7 BRILLIANT WAYS TO BOOST YOUR CHILD'S CONFIDENCE
“Believe you can, and you are halfway there,"
said Theodore Roosevelt the youngest American president.
These interesting words from this young president are the essence of self-confidence. He was the youngest candidate, at the age of 42, to become a president. These words must have carried him far on his journey to running the United States of America at the beginning of the 20th Century.
If you take these words to heart and use the following seven points to encourage confidence in your child, you should be halfway to success, and your children can take up the challenge and go further.
Self-confidence is one of those qualities in life that give children the edge in exploring their talents and fulfilling their dreams.Here are 7 strategies to use to boost your child's self-confidence.
1. Let your child make decisions.
Deciding on the little things in your child's day-to-day routine is a great start towards being able to make a stand on the bigger things later in life. An excellent way to start is with a selection of options. Choose this or that, and then stick by your decision. Parents can support these decisions, and if the outcome is not what your child expected, there is a lesson to learn.
Initially, make sure your child knows there are some areas where adults still make decisions, and that is because they have the child's welfare in mind. Discussions on decision-making are an excellent family topic and one that helps build confidence and understanding.
2. Don’t ‘rescue’ your child. Making mistakes is part of growing in confidence.
Making mistakes is directly related to making decisions. Children who are encouraged to make decisions may ultimately make mistakes, and these go with the territory of gaining self-confidence. Mistakes may come in all shapes and sizes, but lessons learned from making mistakes, and facing the consequences, help children gain confidence in themselves. Fixing everything so children never have a chance to be an overcomer does not build self-confidence.
3. Encourage an optimistic attitude to life.
Children who can focus on good positive outcomes can cope with disappointment and self-doubt. If your child feels disappointed in the result of a situation at school, help them with ways to look at the glass as half full instead of half empty. Parents often feel the same disappointment their child feels and then transfer their negative reaction onto their child. Blame shifting, negative comments, and not facing reality are reactions that do not encourage confidence.
4. Teach your child to solve problems.
Problem solvers can increase confidence in themselves. Help your children to find solutions that will work in their favour. Discuss issues openly with them and the reason behind their decision together with the possible outcome. A child who can solve problems and feel a sense of positivity, as a result, will have the confidence to try and solve the next problem.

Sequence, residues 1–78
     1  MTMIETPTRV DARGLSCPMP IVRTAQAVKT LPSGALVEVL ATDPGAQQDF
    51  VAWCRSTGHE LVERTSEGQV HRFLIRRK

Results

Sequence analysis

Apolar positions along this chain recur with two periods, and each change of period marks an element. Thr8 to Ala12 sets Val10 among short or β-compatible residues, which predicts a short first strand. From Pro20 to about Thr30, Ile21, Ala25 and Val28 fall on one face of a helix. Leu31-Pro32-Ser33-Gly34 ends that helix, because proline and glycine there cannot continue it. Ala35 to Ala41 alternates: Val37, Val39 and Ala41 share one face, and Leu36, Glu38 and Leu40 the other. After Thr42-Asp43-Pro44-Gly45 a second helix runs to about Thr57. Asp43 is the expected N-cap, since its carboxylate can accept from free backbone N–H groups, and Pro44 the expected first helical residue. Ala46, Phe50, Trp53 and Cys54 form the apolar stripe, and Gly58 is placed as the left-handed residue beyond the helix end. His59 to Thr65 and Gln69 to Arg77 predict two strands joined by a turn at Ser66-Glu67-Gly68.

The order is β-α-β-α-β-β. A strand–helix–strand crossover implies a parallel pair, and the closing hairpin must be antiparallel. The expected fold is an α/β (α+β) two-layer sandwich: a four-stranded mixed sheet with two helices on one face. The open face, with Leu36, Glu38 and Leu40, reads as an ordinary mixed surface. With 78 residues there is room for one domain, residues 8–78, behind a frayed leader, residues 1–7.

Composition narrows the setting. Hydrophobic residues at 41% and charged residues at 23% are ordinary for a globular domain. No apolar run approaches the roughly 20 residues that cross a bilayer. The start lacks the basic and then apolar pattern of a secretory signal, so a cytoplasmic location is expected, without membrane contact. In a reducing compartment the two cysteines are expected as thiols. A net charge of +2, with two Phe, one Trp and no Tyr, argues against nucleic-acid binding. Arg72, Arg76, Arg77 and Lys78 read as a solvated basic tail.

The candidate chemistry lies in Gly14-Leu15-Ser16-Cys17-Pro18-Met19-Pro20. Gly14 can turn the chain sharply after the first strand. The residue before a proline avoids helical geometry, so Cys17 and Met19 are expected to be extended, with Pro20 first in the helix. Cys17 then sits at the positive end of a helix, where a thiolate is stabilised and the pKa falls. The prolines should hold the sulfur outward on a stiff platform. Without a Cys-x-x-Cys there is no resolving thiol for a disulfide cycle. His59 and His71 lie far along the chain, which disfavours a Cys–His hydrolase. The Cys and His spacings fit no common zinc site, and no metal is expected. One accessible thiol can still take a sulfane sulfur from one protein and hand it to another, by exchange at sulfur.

5. Help your child to find special interests and explore them.
Hobbies, outdoor activities, and extra interests outside of school are great forums for building self-confidence. Encourage your child to pursue an extra activity they enjoy. It gives them a new area of exploration. They will meet new friends and have to leave their comfort zone. Finding something else to be excited about is a good way to build confidence.
6. Encourage responsibilities and helping others.
Children who are outwardly focused and try to help others become more confident. Helping others less fortunate than yourself helps you to be more confident in your abilities as the other person is focused on getting your help and you are involved with caring for someone else.
7. Choose your compliments with care.
Yes, children need encouragement but dishing out a high five or good job comment at every possible moment undermines the compliment. Excessive complimenting does not encourage the child to feel that surge of pride and self worth.
Young children will happily accept every little moment of reaffirming However, as children get older they realise what it means to genuinely give encouragement. Rattling off praise for something you expect to be done, like brushing teeth will not encourage confidence.
Over complimenting weakens the power of the compliment. Encourage confidence by being specific about an area you see is notable and well done, a real achievement. Obviously this is something you as parents monitor best because you know your children.
The Bottom Line: Building self confidence is an ongoing part of parenting.
Children who feel this self-confidence feel good about themselves and are willing to try new things. They are more likely to succeed at school and in life in general.
Confidence is a very important element of maturing and growing up and being able to thrive in society today.
Tutoring is not just for improving academic grades, but also for increasing self-confidence through series of proven strategies and personalised learning.
If your child requires some additional support may it be in-home or online, we're here to help! Book for a free consultation with our trained & certified tutors today.